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Painting Under the Shadow: California Modernism and the Second World War
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Disarming Parables: Hans Burkhardt's War Paintings

Hans Burkhardt stands apart among modernists in California, not only for his opposition to World War II at its very outset, but also for his willingness to confront political reality directly in his art. Burkhardt's more than forty antiwar paintings, begun several years before America entered the conflict, were virtually the only modernist protests in California. Paintings such as One Way Road (1945), with its imagery of limitless, incalculable destruction, or Iwo Jima (1945), with its bloody mutilation, contrasted dramatically with the popular media's sanitized portrayal of the war in the 1940s, when even novelists were admonished not to write of combat as an unpleasant affair.[14] Burkhardt's works were intended to jolt viewers out of their apathy, and indeed, they sometimes provoked heated reactions. Even his War, Agony in Death (1939-40; Fig. 15), which condemned the German bombing of the Basque town of Guernica, inflamed Los Angeles viewers in 1944. One woman attacked it with a cane and had to be forcibly removed from a gallery on Sunset Boulevard.

Burkhardt spent the late 1920s and 1930s receiving private tutorials from Arshile Gorky in New York, where, along with Gorky's other informal pupil, Willem de Kooning, he developed a relatively sophisticated understanding of French abstraction from Cézanne to Miró. Burkhardt's thematic concerns, however, soon diverged from those of de Kooning and Gorky, both of whom kept their distance from the political arena. As early as 1937, after Burkhardt had moved to Los Angeles, his work began to reflect the growing turmoil in Europe. In 1938 he initiated a series of canvases on the theme of the Spanish Civil War, culminating in War, Agony in Death , the first of his mural-sized antiwar paintings. Burkhardt claimed to have been unaware of Picasso's Guernica , and indeed, the final product synthesizes expressionist and surrealist styles in a very un-Picasso-like manner, with slashing brushwork and a palette of lurid reds reminiscent of Chaim Soutine's. Unlike Picasso, Burkhardt does not attempt to evoke the actual bombardment but presents a generalized image of devastation. Although the painting is dominated by a back-thrust head with mouth open wide that recalls Picasso's shrieking figures as well as such earlier antecedents as Hieronymus Bosch's gaping jaws of hell, Burkhardt's head is less easily identified. Half-human, half-armored tank, its twisted, dripping mouth emits a cry that powerfully expresses the collective anguish of Guernica. The destruction of life is indicated by the profusion of crosses—so numerous that the), topple over one another in competition for space, an allusion perhaps to the mass graves that were then a largely unpublicized fact of war.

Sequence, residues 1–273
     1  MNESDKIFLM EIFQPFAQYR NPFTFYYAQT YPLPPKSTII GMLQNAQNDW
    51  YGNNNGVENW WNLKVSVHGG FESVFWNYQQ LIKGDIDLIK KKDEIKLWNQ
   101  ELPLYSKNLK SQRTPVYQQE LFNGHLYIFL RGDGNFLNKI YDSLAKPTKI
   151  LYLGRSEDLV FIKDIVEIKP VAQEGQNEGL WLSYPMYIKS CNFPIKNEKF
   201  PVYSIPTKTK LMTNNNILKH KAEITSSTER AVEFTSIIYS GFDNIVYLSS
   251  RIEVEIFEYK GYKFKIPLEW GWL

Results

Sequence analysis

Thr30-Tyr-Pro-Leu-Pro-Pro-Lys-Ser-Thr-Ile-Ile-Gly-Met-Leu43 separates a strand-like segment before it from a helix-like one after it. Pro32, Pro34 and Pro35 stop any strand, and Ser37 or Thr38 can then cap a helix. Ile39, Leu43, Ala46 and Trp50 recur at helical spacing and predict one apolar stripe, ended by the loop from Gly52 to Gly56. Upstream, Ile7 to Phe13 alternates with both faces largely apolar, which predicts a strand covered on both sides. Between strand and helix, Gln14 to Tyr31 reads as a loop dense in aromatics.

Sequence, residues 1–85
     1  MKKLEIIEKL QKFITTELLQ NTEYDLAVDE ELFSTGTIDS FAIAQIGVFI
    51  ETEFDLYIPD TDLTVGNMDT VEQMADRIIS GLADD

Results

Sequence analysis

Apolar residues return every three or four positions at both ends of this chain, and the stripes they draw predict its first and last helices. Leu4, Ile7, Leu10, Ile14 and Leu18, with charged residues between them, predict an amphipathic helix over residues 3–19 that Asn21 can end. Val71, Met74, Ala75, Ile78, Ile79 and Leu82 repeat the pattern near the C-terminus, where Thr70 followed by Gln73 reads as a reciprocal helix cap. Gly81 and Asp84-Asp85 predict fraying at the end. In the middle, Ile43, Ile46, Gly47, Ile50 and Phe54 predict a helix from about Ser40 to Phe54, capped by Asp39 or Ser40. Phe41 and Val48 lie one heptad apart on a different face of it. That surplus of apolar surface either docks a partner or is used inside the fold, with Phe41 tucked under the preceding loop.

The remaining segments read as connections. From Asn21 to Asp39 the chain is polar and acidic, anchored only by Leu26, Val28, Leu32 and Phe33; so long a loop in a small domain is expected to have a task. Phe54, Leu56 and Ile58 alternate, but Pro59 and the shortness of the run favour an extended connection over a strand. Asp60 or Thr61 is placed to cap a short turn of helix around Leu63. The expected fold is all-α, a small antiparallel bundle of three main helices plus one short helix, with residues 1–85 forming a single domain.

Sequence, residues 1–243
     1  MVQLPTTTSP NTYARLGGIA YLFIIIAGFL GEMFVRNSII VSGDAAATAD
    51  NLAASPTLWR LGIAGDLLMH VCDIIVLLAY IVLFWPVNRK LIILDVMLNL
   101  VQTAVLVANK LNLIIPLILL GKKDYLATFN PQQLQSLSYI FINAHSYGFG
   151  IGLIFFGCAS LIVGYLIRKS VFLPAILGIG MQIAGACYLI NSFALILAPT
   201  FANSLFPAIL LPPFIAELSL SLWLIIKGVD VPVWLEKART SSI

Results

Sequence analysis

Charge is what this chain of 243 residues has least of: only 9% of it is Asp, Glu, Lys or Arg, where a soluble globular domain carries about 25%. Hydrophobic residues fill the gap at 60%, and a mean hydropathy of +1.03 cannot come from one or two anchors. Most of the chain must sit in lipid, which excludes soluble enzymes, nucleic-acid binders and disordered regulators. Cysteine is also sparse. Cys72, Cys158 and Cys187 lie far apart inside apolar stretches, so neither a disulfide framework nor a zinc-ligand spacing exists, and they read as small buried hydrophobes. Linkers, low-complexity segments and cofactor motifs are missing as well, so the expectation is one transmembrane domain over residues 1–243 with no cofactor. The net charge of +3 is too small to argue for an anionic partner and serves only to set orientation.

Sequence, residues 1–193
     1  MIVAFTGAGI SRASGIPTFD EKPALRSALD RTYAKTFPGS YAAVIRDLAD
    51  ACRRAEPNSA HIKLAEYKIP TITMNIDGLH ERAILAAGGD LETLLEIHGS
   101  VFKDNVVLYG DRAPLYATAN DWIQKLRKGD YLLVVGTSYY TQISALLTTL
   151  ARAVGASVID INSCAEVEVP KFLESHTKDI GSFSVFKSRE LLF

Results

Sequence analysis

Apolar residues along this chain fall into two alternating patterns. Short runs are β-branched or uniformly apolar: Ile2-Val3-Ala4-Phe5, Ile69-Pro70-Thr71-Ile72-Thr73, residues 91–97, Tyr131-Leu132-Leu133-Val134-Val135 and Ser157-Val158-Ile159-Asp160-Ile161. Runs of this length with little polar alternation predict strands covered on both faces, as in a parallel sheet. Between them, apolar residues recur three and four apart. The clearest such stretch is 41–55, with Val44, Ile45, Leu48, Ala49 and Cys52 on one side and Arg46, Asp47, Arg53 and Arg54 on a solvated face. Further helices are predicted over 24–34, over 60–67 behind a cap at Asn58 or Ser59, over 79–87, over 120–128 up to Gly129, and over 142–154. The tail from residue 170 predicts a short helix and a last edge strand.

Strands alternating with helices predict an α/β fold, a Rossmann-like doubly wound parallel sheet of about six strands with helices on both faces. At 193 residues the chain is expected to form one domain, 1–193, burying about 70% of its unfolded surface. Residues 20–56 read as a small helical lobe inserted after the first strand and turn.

Burkhardt's knowledge of collective graves could not have come from firsthand combat experience. Beyond the draft age, he had spent the early part of World War II in a Southern California defense plant building airplane parts and the remainder finishing furniture for a film studio in Hollywood. His closest personal contact with war waobserving, as a child in Switzerland, the eerie red glow produced by bombs bursting. over the border mountains during World War I. This image is often conjured in his paintings,[15] but the crimson sky as a backdrop for battle has a long tradition in poetry


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Figure 15
Hans Burkhardt, War, Agony in Death , 1939-40.
 Oil on canvas, 78 × 114 in. California State University at Northridge. 
Photograph courtesy Jack Rutberg Fine Arts, Los Angeles.

and painting, from Eugene Delacroix to Edmund Blunden.[16] For the most part, then, Burkhardt's vision of war drew primarily on his imagination, as well as cumulative associations from literature, the popular media, and the work of other artists. His work is best understood, not as an expression of the "reality" of war, but as a response to antecedent, technique, actual events, and, above all, his own intense feelings about the destruction and violence of war.[17]

Burkhardt's antipathy cannot be traced to any involvement with organized religion or politics; his preoccupation with death and suffering had much more personal roots. He spent his early childhood in Basel's industrial quarter, where his family's home stood in the shadow of a chemical factory and across the street from a rat-infested junkyard.[18] When Burkhardt was three, his father abandoned the family for America; a few years later, when his mother died of tuberculosis, he and his sister went to live in an orphanage. Years later, after moving to New York to join his father and stepmother, he lost both within a year, one to illness and the other to an automobile accident.

The theme of abandonment can be found in one of Burkhardt's first war paintings, The Parting (1939; Fig. 16). Although highly abstract, the image can be read as a man leaving his family to go to war. On the left, several children cry out, while on the right, their parents embrace for a final parting kiss.[19] This painting provides a template for


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Figure 16
Hans Burkhardt, The Parting , 1939. Oil on canvas, 22 × 28 in
Photograph courtesy Jack Rutberg Fine Arts, Los Angeles